A Review of Security Blue Team BTL1
About a month ago, I passed my Blue Team Level 1 (BTL1) exam from Security Blue Team (SBT). I would like to share a little bit of my experience with the training itself.
The Blue Team Level 1(BTL1) certificate is one of the few blue teams training out there aimed to equip you with the practical skills to work as a SOC analyst. The BTL1 covers the following domains:
* Phishing Analysis
* Threat Hunting
* Digital Forensics
* SIEM (Splunk in this case)
* Incident Response
Each of the domain covers quite a good amount of techniques and tools would aid you in a real-world DFIR and Threat Hunting.
The phishing analysis section taught me how to analyze the phishing email both manually and with tools (ex: Phishtool), as well as the proper recommendation to triage the issue. In addition, this domain really teaches you how to write a good report and communicate your findings in a professional way! That’s what I really like and I think it will be an important asset for you to have as an analyst.
The threat hunting domain mainly covers the TTP (Tactics, Techniques, and Procedures). It gives you a great idea of how to hunt for the techniques and tools the attackers used, as well as shows you several malware examples still relevant these days. In addition, you will have the chance to learn MISP and set it up in your lab environment.
The digital forensics section covers the forensics techniques used in uncover attackers’ tracks in both Windows and Linux. Also, you will have the chance to play Volatility and Autopsy in your lab.
The SIEM section is one of my favorite sections. Yes, I love Splunk. This section teaches you how to set up the Splunk in your lab and some basic commands on how to use the Splunk. You will also have the chance to put your skill in test on Boss of The SOC version 1(bots1), which I think is an amazing blue team CTF and I am still playing it now after my BTL1. Overall, this section really gives you a good foundation for Splunk.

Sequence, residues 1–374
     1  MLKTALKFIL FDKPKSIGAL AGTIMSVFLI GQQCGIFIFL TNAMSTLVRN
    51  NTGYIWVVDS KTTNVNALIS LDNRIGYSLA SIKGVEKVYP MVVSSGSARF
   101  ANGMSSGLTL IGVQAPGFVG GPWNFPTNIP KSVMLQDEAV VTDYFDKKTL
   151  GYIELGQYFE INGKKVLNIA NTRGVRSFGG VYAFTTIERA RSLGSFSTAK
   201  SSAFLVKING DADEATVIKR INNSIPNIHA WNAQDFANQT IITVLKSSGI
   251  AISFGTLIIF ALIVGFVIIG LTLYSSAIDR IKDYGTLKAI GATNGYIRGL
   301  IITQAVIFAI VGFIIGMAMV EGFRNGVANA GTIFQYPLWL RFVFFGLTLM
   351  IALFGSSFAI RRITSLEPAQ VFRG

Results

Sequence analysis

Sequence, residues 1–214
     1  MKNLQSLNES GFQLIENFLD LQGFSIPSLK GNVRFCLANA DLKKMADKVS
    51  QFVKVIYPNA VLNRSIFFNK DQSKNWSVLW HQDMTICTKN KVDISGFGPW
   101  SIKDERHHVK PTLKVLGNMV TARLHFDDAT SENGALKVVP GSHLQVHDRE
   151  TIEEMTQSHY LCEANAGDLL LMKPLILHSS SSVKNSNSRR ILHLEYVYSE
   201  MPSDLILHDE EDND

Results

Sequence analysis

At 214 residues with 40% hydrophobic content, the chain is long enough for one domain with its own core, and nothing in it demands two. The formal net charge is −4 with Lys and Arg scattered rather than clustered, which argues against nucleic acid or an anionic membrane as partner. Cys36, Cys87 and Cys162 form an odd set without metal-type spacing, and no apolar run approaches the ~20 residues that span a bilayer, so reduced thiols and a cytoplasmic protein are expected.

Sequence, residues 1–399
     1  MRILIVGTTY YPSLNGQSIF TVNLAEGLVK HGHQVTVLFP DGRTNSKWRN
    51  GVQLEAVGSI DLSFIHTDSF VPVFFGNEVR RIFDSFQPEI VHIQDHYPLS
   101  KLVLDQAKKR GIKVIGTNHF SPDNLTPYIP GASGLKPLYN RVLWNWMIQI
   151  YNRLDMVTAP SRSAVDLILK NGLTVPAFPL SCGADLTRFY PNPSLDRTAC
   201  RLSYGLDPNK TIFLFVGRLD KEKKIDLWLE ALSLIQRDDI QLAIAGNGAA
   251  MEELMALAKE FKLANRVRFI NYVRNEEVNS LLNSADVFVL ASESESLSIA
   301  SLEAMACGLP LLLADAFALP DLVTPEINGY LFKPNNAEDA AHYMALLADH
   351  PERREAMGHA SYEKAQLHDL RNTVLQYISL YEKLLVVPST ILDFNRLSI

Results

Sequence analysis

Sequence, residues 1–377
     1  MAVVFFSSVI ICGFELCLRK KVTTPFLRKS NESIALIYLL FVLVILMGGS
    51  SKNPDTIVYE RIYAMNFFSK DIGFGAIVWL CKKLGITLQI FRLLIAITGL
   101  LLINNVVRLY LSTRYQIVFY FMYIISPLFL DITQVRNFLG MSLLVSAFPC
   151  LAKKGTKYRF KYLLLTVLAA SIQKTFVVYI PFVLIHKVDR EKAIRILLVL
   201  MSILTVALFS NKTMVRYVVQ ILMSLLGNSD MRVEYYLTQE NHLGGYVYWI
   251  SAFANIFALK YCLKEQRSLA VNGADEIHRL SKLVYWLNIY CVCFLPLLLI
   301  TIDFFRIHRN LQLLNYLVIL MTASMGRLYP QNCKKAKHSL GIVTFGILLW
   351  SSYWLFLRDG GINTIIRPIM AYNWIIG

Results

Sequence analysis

The last section, incidence response, covers the NIST Incident Response Process. The most meat and my favorite part about this section are the introductions of the Mitre Attack Framework, which is such a nice tool I think should be covered in any good blue team course. Also, you will have the chance to play around PFsense, Snort at your lab for a bit.
My favorite part about BTL1 comes with its exam. I can’t say much about the exam here since the legal agreement but I can assure you is one of the most fun yet challenging DFIR exams out there really test your ability to uncover what the attacker did in your environment. I would recommend you to not underestimate the difficulty of the exam, be prepared, take lots of screenshots, and take small breaks in between. It is a long exam that reflects a real-world situation!
Some resources could potentially help you:
* Take good notes while you take the course, do all the exercises and labs in the course, and really understand every piece of it.
* Play the bots1 at CyberDefenders a bit to get your hands dirty with the Splunk.
* Takes breaks during the exam
* Take lots of screenshots, and have a good writing report :) you know this is important in every case :)
The course apparently costs £499. I think it is a fair price for the amount of material they offer compares to some other blue team training on the market right now.
Lastly, I hope you will enjoy the BTL1 if you decide to take the training, and seriously, enjoy it and have some fun! And go get that golden coins :)